Billions of $ in court debt is barely even tracked by over half of U.S. states
A report from The Fines & Fees Justice Center found court debt is a least $27.6 billion but half of states couldn't even report debt due to lack of data
We go to The Fines & Fees Justice Center for this weeks report on debt in the U.S. justice system. Though court debt impacts state citizens and state’s budgets in massive ways, half of the country is not even tracking how much debt people owe, according to the report.
National court debt total is at least $27.6 billion
Twenty-five states and the District of Columbia did not provide court debt totals to FFJC.
Most U.S. states lack oversight of local courts. These municipal courts each control their own collection procedures and record keeping which means procedures vary across the jurisdiction.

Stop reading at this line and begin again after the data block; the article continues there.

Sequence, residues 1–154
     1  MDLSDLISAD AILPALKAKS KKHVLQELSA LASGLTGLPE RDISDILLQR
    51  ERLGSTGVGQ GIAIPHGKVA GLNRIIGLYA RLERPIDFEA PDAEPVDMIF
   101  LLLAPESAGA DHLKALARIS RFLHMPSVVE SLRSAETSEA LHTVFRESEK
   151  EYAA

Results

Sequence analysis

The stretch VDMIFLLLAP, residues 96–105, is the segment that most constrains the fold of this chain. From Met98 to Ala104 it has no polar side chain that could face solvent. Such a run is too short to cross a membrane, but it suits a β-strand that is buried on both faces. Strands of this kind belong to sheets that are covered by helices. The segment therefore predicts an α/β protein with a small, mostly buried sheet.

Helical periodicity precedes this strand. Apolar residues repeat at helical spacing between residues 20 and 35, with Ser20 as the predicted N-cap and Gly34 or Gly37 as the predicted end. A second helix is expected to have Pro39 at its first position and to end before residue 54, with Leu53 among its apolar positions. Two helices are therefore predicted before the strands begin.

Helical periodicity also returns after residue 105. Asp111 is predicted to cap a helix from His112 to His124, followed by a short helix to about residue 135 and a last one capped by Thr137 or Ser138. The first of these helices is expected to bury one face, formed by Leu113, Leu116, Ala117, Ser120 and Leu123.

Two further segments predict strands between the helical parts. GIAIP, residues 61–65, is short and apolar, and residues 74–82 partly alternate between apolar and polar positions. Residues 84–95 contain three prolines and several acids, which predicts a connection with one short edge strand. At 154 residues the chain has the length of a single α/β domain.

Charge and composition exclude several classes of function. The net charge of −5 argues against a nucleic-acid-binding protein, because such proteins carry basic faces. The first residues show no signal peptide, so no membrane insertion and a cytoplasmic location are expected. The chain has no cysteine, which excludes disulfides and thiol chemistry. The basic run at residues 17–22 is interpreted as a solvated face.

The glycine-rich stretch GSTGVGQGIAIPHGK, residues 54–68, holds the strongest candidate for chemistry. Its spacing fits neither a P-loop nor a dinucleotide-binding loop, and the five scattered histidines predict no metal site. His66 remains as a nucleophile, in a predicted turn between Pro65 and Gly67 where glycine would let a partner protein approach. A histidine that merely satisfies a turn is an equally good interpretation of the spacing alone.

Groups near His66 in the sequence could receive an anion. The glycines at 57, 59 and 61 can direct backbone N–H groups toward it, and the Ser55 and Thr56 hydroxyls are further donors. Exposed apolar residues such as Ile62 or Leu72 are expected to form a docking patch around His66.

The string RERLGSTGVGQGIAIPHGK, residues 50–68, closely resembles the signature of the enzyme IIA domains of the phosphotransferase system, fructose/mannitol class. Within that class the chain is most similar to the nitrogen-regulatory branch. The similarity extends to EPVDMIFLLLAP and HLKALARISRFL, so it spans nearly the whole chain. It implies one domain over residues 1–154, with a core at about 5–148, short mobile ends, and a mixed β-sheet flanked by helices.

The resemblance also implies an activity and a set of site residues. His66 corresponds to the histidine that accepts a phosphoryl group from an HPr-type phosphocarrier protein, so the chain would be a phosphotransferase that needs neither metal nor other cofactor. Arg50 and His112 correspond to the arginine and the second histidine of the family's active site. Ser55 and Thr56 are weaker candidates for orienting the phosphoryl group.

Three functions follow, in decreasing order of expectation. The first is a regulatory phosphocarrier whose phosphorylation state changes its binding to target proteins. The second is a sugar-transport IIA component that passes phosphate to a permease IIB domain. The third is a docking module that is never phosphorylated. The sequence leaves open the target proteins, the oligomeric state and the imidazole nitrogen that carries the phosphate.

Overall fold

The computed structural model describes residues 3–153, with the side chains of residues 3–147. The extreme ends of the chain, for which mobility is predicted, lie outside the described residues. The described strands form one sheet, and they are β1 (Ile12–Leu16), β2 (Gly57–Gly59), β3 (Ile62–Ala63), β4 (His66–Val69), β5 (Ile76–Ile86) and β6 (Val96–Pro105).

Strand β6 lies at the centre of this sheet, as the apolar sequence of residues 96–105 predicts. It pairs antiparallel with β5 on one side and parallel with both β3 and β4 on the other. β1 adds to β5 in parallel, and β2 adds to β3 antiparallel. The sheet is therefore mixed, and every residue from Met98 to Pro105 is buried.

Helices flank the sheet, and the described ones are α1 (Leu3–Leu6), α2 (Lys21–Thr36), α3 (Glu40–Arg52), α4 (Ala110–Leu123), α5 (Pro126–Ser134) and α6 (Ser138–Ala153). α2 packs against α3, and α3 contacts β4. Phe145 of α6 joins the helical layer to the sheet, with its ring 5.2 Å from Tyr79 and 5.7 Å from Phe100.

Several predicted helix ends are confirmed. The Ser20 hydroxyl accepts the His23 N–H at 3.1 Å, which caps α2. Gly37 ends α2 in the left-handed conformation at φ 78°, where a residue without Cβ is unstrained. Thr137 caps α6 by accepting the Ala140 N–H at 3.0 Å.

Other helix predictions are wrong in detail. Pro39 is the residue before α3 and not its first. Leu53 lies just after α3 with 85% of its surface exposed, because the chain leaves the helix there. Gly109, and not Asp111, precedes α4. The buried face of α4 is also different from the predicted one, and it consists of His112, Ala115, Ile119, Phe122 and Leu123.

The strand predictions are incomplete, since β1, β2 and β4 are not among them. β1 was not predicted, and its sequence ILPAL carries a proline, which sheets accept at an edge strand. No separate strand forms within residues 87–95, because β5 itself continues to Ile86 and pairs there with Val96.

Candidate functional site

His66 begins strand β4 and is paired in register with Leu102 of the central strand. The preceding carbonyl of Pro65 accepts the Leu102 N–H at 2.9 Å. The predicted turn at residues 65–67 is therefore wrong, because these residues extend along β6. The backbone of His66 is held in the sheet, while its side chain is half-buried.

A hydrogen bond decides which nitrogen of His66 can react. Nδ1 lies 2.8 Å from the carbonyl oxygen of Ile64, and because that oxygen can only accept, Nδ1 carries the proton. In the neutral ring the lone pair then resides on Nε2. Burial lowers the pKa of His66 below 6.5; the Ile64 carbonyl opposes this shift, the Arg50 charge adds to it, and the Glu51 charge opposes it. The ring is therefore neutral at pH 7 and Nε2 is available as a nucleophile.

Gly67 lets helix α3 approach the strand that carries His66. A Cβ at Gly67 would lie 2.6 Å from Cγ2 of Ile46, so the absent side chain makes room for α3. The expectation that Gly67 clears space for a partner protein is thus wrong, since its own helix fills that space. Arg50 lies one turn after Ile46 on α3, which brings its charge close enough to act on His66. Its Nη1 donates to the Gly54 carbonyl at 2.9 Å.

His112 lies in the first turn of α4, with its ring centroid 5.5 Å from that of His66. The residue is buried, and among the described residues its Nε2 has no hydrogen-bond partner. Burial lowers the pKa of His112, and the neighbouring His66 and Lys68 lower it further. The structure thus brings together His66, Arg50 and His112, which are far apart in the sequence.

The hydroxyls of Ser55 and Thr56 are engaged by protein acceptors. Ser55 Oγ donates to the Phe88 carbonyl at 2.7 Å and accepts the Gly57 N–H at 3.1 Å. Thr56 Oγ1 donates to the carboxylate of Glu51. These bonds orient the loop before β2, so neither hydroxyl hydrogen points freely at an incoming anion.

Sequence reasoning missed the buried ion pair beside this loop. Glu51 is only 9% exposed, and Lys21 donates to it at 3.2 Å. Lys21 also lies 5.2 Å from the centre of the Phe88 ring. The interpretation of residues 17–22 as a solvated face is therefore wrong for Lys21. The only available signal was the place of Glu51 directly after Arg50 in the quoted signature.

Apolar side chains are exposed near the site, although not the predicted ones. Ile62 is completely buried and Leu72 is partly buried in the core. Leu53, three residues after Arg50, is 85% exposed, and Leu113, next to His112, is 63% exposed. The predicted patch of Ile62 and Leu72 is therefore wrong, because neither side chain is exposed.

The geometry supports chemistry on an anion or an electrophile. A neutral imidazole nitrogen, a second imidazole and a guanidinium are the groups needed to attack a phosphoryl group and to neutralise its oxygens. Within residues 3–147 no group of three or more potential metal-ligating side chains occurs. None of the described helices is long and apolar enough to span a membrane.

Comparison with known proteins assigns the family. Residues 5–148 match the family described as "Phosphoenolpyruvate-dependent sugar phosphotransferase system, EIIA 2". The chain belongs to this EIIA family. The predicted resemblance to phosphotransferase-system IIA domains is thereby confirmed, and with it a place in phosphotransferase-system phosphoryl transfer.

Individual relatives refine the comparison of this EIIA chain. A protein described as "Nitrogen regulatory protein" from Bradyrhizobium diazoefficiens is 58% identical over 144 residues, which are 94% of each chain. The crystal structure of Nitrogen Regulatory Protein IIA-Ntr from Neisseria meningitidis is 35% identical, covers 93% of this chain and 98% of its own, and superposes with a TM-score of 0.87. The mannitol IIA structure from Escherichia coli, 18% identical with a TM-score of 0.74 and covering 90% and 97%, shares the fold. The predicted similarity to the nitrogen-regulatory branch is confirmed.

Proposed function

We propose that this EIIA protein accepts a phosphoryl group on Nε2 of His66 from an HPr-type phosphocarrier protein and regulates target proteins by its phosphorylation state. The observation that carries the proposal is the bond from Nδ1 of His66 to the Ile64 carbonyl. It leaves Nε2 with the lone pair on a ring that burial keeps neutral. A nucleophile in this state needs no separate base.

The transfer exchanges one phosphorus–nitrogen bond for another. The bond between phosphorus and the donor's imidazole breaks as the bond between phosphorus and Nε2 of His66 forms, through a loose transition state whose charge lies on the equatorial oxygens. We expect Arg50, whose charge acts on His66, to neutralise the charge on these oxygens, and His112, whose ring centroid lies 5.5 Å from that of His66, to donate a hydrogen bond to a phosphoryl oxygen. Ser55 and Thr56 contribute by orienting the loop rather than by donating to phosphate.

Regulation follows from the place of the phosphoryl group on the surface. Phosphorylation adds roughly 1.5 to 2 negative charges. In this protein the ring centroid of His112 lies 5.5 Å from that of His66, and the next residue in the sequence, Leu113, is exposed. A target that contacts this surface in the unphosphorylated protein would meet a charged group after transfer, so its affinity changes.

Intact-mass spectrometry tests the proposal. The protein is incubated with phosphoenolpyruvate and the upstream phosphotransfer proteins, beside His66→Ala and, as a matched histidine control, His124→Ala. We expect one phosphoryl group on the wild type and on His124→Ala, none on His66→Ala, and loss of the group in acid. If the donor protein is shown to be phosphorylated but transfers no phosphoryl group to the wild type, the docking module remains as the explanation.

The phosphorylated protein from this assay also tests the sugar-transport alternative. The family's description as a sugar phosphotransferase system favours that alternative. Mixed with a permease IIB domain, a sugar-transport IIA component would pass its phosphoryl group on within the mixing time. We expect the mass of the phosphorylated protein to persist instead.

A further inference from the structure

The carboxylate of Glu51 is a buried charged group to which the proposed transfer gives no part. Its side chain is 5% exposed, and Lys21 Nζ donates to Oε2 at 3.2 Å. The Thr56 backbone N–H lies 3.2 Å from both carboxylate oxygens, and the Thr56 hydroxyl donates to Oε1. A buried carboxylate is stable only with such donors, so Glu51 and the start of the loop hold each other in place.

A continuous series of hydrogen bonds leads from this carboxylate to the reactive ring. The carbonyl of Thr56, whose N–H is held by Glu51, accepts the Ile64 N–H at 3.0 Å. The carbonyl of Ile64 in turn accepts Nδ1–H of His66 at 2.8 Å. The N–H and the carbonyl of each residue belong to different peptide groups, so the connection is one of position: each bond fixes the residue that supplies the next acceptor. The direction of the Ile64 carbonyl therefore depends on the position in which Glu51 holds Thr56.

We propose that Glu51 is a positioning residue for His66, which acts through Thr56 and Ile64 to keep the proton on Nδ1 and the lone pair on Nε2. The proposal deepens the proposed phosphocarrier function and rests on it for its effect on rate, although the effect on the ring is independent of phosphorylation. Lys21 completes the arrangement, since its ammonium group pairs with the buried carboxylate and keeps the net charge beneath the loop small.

From the data available to FFJC, Washington had the highest per capita debt ($426) then Virginia ($363), California ($347), Oregon ($344) and Iowa ($312).
“The astonishing lack of data on outstanding court debt strongly suggests that state and local governments do not have a basic understanding of how the fines and fees imposed by their courts are affecting people in their state — or the state’s bottom line,” FFCJ wrote in the report.
Read the full report here.
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